May 14. A month ago, on April 14, I wrote a piece on ‘Borders’, describing the ‘insane’ prospect of different lockdown regulations on either side of national borders within the UK.
Now it has come to pass. The picture above is the view from the bottom of my garden. Below the field is the Severn, hidden by the trees on the bank. Almost unnoticed in the current crisis, we have been enjoying a warm, dry Spring and the river is unusually low for this time of the year. Beyond it, across a few more fields, is Wales, with the Breiddens in the distance. Were I to go for a walk on the hills, as we often did in peacetime, I could now be stopped by the police. It is legal to drive to take exercise in England, not in Wales. It is permissible for people to go to any kind of work in England, not in Wales. There is a golf course in the border village of Llanymynech, a few miles away, where 15 holes are in Wales, 3 in England. According to the new rules, only the English holes can be played.
Some of this is just a trivial irritation. But there is a more serious event taking place. The leaders of Scotland, Wales and even Northern Ireland, have publicly condemned Johnson’s broadcast on Sunday, where he announced a partial, if very confused, relaxation of the rules ‘in the UK’. The nation leaders were quick to point out that they had not been consulted about the new regime and did not agree with it. They were free to go their own way and intended to do so. This is partly a matter of local calculation about the state of the pandemic and the risk of relaxing the lockdown. It is also a consequence of the growing perception that the Westminster government is fundamentally incompetent. The electorates of the other nations are looking to their own representatives for a road map out of the crisis, and practices are likely to diverge still further in the coming months.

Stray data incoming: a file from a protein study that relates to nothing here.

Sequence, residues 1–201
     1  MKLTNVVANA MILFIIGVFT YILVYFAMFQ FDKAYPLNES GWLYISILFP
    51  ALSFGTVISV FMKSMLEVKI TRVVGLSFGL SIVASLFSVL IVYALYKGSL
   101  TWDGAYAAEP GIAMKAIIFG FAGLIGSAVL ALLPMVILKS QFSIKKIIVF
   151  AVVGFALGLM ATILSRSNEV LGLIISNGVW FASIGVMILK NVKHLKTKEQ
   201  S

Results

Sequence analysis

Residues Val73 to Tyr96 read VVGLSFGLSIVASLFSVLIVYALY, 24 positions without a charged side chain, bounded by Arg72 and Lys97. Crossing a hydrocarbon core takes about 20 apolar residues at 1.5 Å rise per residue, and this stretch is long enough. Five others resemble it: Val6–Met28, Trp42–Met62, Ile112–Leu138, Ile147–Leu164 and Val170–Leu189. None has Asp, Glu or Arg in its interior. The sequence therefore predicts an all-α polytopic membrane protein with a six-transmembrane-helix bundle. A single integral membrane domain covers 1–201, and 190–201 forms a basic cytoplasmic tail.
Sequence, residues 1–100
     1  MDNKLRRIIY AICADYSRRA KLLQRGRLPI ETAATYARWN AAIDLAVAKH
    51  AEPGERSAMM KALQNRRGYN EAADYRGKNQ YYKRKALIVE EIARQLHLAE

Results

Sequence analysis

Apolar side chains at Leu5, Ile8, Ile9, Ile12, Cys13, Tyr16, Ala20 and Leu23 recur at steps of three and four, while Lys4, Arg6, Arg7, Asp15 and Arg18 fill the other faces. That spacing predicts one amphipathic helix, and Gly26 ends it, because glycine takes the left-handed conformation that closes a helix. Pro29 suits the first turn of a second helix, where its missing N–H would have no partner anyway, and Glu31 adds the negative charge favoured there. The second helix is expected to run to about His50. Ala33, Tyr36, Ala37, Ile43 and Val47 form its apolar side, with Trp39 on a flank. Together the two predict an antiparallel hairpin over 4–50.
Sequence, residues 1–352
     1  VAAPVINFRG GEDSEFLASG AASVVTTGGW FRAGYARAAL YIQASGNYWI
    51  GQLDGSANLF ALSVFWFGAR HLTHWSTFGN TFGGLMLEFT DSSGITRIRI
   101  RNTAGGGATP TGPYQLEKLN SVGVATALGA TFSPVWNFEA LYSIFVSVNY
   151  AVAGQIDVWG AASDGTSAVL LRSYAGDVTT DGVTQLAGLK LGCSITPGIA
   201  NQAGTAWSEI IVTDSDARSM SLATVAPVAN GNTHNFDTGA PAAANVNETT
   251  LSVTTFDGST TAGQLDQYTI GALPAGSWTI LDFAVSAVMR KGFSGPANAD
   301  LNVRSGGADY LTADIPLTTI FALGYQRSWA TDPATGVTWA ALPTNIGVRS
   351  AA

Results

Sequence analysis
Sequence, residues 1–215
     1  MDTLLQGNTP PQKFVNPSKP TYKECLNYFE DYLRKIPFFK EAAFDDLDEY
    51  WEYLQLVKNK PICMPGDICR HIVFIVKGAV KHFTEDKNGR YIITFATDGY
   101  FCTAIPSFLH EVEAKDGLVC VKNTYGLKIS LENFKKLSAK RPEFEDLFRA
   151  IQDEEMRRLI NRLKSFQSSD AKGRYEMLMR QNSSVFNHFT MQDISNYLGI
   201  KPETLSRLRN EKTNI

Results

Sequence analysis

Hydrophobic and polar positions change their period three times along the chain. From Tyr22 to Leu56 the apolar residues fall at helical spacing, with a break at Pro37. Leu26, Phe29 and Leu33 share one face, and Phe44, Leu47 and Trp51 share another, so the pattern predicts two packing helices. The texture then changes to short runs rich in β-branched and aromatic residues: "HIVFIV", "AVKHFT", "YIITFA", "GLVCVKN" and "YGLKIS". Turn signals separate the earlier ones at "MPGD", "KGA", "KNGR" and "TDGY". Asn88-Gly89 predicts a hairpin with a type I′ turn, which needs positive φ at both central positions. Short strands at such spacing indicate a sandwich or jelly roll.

The coronavirus pandemic did not invent the break-up of the UK, but amongst the consequences will be a significant acceleration of that process. And Brexit is yet to come.